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Nuclear Meltdown


Those two answers cracked open the door to the two big questions that need asking about Iran. First, what might be the full price and unintended consequences of a U.S. attack? For starters, as Biden suggested, radicalizing still more of the Islamic world to an extent that’s much more troublesome than Iran’s unpleasantness.

And second, if diplomacy fails, could the U.S. live with a nuclearized Iran? As far as I can tell, no plausible 44th president has seriously discussed this question—the Republicans, apparently, because they consider it axiomatic that the answer is no, and the Democrats because they politically don’t dare say the answer may be yes.

“It is not a good answer to say, ‘Well, we did containment with the Soviets and the Chinese,’ ” Giuliani argues. For the USSR and China, “there was a residual self-interest, or you might even call it a residual rationality, that said, ‘We don’t want to die.’ ”

This is almost certainly a false view of the Iranian régime, and a dangerous one. And do we trust the geopolitical instincts of a permanently enraged former mayor of New York, or, say, those of the man who until last spring commanded the U.S. military from Pakistan through the whole Middle East? “There are ways to live with a nuclear Iran,” General John Abizaid explained recently. “I believe that the United States … can contain Iran. I believe nuclear deterrence will work with the Iranians. I mean, Iran is not a suicide nation.”

So far most Americans, bless them, aren’t frightened out of their minds. According to the latest CNN poll, 77 percent of people believe that Tehran is indeed developing nuclear weapons, but 68 percent oppose U.S. military action against Iran. And this time there is no cast of liberal hawks beating the drums for war. Kenneth Pollack, whose 2002 book, The Threatening Storm: The Case for Invading Iraq, was hugely influential, wants diplomatic outreach to Iran. Bob Kerrey and Slate’s Jacob Weisberg supported the invasion in 2003, but they’re in no way onboard for Iran. “Iran is a deterrable threat,” the former U.S. senator told me last week. “We are blowing it out of perspective” with “crazy rhetoric.” And Weisberg reckons “there are almost no circumstances I can envision under which I would support American military action to preempt Iran becoming a nuclear power. I’d like to think I’d hold the same view if I hadn’t made the mistake of supporting the invasion of Iraq.”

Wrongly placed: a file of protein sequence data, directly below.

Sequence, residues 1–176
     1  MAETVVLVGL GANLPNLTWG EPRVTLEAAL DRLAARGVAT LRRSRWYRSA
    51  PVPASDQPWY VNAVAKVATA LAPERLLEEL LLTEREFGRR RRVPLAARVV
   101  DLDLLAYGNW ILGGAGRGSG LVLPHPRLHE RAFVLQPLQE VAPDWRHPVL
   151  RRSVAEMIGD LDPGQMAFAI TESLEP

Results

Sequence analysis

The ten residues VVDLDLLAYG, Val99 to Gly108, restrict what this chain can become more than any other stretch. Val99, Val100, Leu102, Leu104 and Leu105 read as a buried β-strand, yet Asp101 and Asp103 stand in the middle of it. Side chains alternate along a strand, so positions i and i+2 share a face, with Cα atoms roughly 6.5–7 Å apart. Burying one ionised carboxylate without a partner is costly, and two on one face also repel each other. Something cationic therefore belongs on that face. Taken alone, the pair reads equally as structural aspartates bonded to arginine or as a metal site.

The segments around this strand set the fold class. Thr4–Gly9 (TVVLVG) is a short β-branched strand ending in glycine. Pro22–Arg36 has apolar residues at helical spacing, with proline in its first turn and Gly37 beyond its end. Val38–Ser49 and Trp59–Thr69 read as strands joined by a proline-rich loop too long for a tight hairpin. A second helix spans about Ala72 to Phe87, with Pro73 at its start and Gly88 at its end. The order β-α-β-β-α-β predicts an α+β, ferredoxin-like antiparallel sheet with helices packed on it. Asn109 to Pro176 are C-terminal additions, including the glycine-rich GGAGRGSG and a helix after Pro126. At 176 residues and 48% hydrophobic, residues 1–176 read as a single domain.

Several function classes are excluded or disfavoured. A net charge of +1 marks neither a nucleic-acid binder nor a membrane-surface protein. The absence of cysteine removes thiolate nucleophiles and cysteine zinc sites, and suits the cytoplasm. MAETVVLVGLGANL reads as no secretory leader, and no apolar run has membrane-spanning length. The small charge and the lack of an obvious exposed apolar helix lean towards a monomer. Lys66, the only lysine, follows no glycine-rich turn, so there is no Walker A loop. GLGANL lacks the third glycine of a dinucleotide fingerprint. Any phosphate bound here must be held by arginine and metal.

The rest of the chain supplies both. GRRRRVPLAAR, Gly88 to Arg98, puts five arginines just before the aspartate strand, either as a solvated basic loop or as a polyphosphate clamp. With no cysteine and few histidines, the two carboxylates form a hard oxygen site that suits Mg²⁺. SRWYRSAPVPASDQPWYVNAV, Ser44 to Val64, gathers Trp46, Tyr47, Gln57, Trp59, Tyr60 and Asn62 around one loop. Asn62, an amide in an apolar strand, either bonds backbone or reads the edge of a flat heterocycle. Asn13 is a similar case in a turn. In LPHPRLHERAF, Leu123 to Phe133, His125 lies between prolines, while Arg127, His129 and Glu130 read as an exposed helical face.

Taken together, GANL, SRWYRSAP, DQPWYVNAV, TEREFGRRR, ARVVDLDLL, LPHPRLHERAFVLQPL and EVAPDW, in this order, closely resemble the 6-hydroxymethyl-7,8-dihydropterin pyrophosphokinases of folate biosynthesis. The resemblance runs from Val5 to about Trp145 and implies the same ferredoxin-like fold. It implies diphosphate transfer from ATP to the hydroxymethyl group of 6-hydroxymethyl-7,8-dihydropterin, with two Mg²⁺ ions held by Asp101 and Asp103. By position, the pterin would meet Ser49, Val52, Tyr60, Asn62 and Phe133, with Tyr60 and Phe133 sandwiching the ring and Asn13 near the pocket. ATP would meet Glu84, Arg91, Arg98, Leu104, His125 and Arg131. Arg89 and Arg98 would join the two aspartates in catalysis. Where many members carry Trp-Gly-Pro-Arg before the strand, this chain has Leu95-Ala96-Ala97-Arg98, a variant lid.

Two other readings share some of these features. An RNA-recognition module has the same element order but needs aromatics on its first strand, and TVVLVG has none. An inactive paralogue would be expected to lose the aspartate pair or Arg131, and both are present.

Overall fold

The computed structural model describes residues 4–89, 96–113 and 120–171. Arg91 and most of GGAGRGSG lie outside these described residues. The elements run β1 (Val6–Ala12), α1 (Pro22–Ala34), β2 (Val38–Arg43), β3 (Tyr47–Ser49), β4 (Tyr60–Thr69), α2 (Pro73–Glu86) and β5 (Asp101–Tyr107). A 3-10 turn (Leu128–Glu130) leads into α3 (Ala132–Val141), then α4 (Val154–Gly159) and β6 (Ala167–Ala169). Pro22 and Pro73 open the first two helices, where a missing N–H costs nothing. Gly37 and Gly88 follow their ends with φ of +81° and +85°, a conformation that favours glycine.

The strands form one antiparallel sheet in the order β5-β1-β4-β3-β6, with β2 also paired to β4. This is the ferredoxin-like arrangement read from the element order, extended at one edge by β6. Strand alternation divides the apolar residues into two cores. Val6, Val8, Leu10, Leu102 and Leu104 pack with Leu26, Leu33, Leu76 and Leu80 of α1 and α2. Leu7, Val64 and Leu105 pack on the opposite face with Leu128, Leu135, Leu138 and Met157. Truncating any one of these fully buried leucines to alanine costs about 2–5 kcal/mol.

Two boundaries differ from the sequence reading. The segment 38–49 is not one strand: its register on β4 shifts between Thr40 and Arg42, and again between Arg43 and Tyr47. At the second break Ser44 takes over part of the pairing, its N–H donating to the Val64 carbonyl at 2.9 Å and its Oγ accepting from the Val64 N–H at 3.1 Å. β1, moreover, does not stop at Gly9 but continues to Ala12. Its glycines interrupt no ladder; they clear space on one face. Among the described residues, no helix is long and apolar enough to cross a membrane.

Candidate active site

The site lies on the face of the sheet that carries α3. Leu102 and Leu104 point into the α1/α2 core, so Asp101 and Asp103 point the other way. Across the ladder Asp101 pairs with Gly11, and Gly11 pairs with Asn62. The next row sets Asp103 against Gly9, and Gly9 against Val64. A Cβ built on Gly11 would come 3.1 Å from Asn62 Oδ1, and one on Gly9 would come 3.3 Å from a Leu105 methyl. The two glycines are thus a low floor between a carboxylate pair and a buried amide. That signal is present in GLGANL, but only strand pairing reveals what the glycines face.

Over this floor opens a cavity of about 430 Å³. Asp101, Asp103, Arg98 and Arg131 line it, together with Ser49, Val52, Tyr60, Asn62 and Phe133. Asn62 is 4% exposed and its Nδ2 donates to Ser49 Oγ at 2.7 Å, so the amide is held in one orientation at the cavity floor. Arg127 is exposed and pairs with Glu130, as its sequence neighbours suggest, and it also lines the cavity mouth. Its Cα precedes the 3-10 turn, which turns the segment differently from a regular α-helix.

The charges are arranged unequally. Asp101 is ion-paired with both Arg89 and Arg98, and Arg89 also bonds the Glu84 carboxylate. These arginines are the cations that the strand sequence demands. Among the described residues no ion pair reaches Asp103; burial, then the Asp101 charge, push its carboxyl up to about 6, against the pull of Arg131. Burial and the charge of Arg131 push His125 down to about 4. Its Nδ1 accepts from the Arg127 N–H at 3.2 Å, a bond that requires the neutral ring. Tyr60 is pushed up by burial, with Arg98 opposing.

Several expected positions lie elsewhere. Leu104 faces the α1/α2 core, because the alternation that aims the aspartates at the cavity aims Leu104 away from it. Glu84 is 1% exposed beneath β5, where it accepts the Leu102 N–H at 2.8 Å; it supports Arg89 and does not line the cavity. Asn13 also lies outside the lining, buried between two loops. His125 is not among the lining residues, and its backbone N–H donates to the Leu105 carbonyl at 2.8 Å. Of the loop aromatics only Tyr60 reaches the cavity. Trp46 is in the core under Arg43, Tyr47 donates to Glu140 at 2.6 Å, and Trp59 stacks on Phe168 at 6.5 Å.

But would he? Would any of us? The shadow of Iraq makes it almost impossible to see Iran clearly. Nor is it just that we’ve been chastened by the present debacle—it’s also changed the facts on the ground: If we hadn’t bungled Iraq, the costs of attacking Iran wouldn’t now look so prohibitive.

And then there’s the almost unspeakably complicated issue of where U.S. national interests and Israeli national interests diverge. Maybe we could cope with a nuclear-armed Iran, but Israel’s bet on deterrence would be orders of magnitude bigger than ours—and one that it will undoubtedly be unprepared to make. “The problem the next president is most likely to face,” Weisberg says, “is how to prevent a preemptive Israeli strike [on Iran’s nuclear facilities] from turning into a wider Iranian-Israeli or Israeli-Muslim conflict.”

Before we get there, the first giant domino to fall one way or the other will be ElBaradei’s U.N. report card, in two weeks. If he says Iran has been sufficiently cooperative and transparent, the forces of reason and prudence can redouble their case for a serious diplomatic offensive, and educate Americans about relevant recent history.

They can explain that the Iranian régime is not a one-nutty-man dictatorship—that it comprises factions which exist in a perpetual, quasi-democratic competition. They can point out that Ahmadinejad’s term ends in 2009, and that he may now be as unpopular in Iran as Bush is in the U.S. A majority of the Iranian Parliament has signed an open letter criticizing him.

They can say all of that. But if ElBaradei—an Egyptian who’s bent over backward to save the Iranians from themselves—tells the world that the Iranians are being opaque or deceptive about their nuclear programs, all those hopeful, illuminating facts will suddenly be much less reassuring. And it won’t be so easy to just keep saying that it’s George Bush crying wolf again.



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